Local news briefs

Cache Creek Chief Administrative Officer leaving for a post with the Regional District of Bulkley-Nechako.

New position for Cache Creek CAO

Melany de Weerdt, chief administrative officer (CAO) for the Village of Cache Creek, has accepted the position of CAO for the Regional District of Bulkley-Nechako. De Weerdt came to Cache Creek from Taylor, where she was chief financial officer and deputy CAO, in June 2015, and will become the RDBN’s acting CAO as of July 1. She will transition to CAO in January 2017. Bill Miller, chair of the RDBN, says that they are excited to have de Weerdt join them. “The RDBN board of directors is very excited to have filled the CAO position with someone who brings significant local government management experience; we look forward to working with her.”

Lytton tour

The Gold Country Communities Society’s annual familiarization tour, which explores a different local community each year, will take place in the Village of Lytton on Tuesday, May 31. The tour is open to anyone who works in tourism or local government, or who would like to learn more about the historic town and the services, amenities, and attractions it offers. There will be a guided tour of Lytton, as well as opportunities to visit nearby attractions, and snacks and lunch are provided. The tour starts at 9:30 a.m. at the Lytton visitor centre at 400 Fraser Street, and runs until 3:30 p.m. A detailed itinerary and map will be provided by May 23 to all those who RSVP with attendance, and transportation costs will be covered at $0.52 per km. travelled (carpooling is encouraged). For more information, or to RSVP, contact Terri Hadwin at (250) 457-6606 (toll-free at 1-877-453-9467), or goldcountry@telus.net.

Kindergarten registration open

Kindergarten registration is now open for any children who will be five years on or before December 31, 2016. Parents need to bring an original birth certificate, immunization records, and a care card for each child at the time of registration. Registration can be done at your local school during regular school hours, Monday through Friday.

Higher fines for failing to stop for school bus

The provincial government is more than doubling the fine for passing a school bus with its lights flashing, which indicates that children are getting on or off the bus. The previous fine of $167 was one of the lowest in the country; the fine now stands at $368, plus three penalty points for a first offence. A second offence within 12 months would mean a $300 penalty point assessment on top of the $368 fine, plus a review of the driver’s licence that could result in a suspension. Between 2009 and 2014 police in B.C. issued 1,100 tickets to drivers for failing to stop when school bus lights are flashing.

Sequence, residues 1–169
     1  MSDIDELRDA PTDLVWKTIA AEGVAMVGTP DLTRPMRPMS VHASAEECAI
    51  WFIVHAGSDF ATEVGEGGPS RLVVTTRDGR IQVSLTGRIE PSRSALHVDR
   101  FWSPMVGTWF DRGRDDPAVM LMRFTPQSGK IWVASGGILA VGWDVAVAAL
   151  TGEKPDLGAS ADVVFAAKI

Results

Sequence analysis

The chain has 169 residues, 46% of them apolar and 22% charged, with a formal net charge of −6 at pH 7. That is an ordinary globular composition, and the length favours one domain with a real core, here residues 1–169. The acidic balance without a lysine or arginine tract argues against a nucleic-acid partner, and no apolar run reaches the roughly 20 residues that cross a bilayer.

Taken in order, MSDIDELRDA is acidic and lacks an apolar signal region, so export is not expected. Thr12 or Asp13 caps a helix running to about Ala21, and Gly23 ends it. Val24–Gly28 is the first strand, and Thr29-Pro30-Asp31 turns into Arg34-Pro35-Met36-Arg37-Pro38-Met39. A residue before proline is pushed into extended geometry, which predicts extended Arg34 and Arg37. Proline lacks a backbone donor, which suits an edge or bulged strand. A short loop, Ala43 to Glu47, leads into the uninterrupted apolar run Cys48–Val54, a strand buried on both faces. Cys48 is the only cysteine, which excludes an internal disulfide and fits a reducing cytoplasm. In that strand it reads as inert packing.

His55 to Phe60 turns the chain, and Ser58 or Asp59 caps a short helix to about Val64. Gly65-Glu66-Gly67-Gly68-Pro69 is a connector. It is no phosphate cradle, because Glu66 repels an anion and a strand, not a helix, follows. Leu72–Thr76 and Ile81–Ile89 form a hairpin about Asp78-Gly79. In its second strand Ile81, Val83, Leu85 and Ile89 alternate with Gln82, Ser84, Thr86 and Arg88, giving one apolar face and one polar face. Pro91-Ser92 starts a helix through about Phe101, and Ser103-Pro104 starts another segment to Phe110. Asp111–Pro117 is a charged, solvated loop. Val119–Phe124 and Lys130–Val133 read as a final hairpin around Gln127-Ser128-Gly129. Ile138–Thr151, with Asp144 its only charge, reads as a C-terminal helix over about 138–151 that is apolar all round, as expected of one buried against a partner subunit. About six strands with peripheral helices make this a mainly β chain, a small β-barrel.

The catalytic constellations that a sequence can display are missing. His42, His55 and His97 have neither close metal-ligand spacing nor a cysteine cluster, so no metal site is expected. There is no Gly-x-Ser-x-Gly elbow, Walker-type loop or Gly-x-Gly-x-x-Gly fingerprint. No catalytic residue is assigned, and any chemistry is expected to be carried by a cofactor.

Moving? Do your research

Moving season is here, with many people changing jobs or schools. The Better Business Bureau (BBB) warns consumers to do their homework before hiring a moving company, and is backed by the Canadian Association of Movers (CMA), which says the industry is riddled with “theft, fraud, and extortion”. The CMA claims that this is because there are no barriers to entry into the moving industry, meaning criminals gravitate there. The BBB advises consumer to do their research to find a reputable moving company; ask for references and get several estimates; find out how much insurance the company carries; be wary of companies that ask for a large deposit, or request full payment, up front; make an inventory of the goods being moved, and supervise the loading and unloading; avoid cash deals that promise to save you money on the GST; and get everything in writing.

Celebrating family caregivers

There are more than one million unpaid people in B.C. taking care of family members or friends with chronic disability, disease, mental health, or age-related challenges; and the Family Caregivers of British Columbia (FCBC) is there to help. Barb MacLean, executive director of FCBC, says that these caregivers are “the silent pillars of our health care system. For every hour of care provided through the formal system, 10 are provided by family and friend caregivers. This unpaid care often comes with financial, emotional, or physical costs.” The FCBC offers a toll-free Caregiver Support Line at 1-877-520-3267, which provides caregivers with assistance in navigating the health system, free education, support groups, an online resource centre, and more. For more information call, or visit the website at www.familycaregiversbc.ca.



Ashcroft Cache Creek Journal

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